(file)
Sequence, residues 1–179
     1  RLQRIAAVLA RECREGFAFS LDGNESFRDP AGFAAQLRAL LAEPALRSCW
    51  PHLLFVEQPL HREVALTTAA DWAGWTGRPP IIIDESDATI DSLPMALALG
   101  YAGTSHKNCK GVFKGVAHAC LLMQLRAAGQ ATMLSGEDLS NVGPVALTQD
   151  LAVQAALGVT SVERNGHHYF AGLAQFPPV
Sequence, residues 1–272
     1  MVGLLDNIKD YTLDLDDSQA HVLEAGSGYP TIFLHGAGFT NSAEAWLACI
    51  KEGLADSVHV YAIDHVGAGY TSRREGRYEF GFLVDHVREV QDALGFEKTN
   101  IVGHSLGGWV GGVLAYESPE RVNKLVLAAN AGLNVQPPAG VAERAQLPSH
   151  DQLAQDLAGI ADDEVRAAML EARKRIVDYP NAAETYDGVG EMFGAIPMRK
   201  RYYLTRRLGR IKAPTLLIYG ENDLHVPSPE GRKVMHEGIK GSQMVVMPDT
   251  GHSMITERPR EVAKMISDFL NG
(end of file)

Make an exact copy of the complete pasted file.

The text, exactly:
Sequence, residues 1–179
     1  RLQRIAAVLA RECREGFAFS LDGNESFRDP AGFAAQLRAL LAEPALRSCW
    51  PHLLFVEQPL HREVALTTAA DWAGWTGRPP IIIDESDATI DSLPMALALG
   101  YAGTSHKNCK GVFKGVAHAC LLMQLRAAGQ ATMLSGEDLS NVGPVALTQD
   151  LAVQAALGVT SVERNGHHYF AGLAQFPPV
Sequence, residues 1–272
     1  MVGLLDNIKD YTLDLDDSQA HVLEAGSGYP TIFLHGAGFT NSAEAWLACI
    51  KEGLADSVHV YAIDHVGAGY TSRREGRYEF GFLVDHVREV QDALGFEKTN
   101  IVGHSLGGWV GGVLAYESPE RVNKLVLAAN AGLNVQPPAG VAERAQLPSH
   151  DQLAQDLAGI ADDEVRAAML EARKRIVDYP NAAETYDGVG EMFGAIPMRK
   201  RYYLTRRLGR IKAPTLLIYG ENDLHVPSPE GRKVMHEGIK GSQMVVMPDT
   251  GHSMITERPR EVAKMISDFL NG